When is a designated landmark really a landmark and what are the limits of protection? When is the alteration of a landmark for a new use so extensive as to render the designation pointless? And if a building is worthy of such an honored status that often brings with it tax credits for its restoration, how far can the cause of adaptability be stretched?
Ever since the battle over the future of 2 Columbus Circle, these questions have taken on greater significance. The refusal of the Landmarks Preservation Commission to consider landmark status for the 1964 12-story museum designed by Edward Durell Stone is considered by preservationists as the "Penn Station of Modernist Preservation." Appreciation for the enduring value of mid-century modern architecture has been growing ever since and the number of advocates for preservation of that not-too-distant era has increased as well.
Now comes the case involving the 1954 Manufacturers Hanover Trust Bank at 43rd Street and Fifth Avenue, designed by one of the 20th century's most notable architects, Gordon Bunshaft of Skidmore, Owings & Merrill.
No more iconic building represents the Modernist era in New York City than this five-story glass box. Some are bigger and taller, others more famous, but none are more transparent or important. This little jewel speaks as well as any of them to the famed era of Mies Van der Rohe when "less is more" was the design rule of the day and Bunshaft was the city's leading practitioner.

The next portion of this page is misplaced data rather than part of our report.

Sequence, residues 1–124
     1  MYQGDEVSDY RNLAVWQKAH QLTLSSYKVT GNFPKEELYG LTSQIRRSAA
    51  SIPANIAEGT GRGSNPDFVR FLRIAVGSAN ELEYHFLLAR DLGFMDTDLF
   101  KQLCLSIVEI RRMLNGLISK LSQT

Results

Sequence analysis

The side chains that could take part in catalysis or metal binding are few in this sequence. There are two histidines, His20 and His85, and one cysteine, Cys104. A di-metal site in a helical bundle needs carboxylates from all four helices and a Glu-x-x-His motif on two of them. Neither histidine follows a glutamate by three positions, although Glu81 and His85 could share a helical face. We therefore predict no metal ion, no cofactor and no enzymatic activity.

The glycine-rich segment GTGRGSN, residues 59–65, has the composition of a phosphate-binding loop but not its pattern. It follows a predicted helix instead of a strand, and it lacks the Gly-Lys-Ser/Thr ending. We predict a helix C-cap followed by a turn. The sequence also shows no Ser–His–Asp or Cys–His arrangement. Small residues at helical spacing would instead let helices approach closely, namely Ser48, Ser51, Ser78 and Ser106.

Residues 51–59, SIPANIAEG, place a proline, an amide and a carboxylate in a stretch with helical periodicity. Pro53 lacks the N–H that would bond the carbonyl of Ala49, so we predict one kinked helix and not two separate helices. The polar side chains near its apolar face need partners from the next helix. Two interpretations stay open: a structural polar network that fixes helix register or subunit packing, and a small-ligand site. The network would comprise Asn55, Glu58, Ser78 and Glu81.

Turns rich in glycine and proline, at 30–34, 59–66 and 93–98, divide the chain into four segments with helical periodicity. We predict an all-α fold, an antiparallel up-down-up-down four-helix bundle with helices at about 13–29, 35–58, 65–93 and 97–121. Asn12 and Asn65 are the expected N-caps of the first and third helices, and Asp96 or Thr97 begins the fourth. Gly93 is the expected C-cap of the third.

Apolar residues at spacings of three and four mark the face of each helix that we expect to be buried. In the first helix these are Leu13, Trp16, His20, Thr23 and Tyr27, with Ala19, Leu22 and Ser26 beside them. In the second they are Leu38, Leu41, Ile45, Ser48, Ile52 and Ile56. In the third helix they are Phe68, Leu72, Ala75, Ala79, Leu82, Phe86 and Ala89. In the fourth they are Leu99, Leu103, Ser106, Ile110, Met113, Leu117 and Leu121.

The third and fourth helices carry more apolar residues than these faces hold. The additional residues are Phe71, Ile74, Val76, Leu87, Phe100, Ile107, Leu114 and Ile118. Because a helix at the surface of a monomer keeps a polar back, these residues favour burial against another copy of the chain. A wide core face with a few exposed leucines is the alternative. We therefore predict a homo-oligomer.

Not anymore. Both the interior and exterior have been effectively destroyed, with the approval of the Landmarks Preservation Commission. Just designating a lot of buildings is not a great accomplishment if honoring that designation does not follow.
This Landmarks Commission does not designate interiors lightly and rarely without an owner's consent. But recently the Commission designated the bank's interior with the consent of the new owner, Vornado, who is converting it to a big box retail store. Is yet another ho-hum big box retail store more important than a singular landmark, even if owned by one of the city's most powerful developers?
In its designation report, the commission cited as important the very elements it then permitted to be irrevocably altered, rendering the designation meaningless. The interior sits completely gutted -- totally taken apart, apparently with the commission's approval, raising the obvious question: when is a landmark really a landmark?
A state Supreme Court judge last week halted at least temporarily the renovation of this landmark, raising anew all these questions, especially how much alteration is permissible before a designation is rendered meaningless.
Only the exterior of the five-story, transparent, all-glass 1954 bank -- originally Manufacturers Hanover Trust and then Chase Manhattan -- was designated an exterior landmark in 1997, even though, as Ada Louise Huxtable has noted, "the exterior and interior were conceived as one thing, unified and inseparable, to be seen and understood as a continuous visual, spatial and aesthetic experience."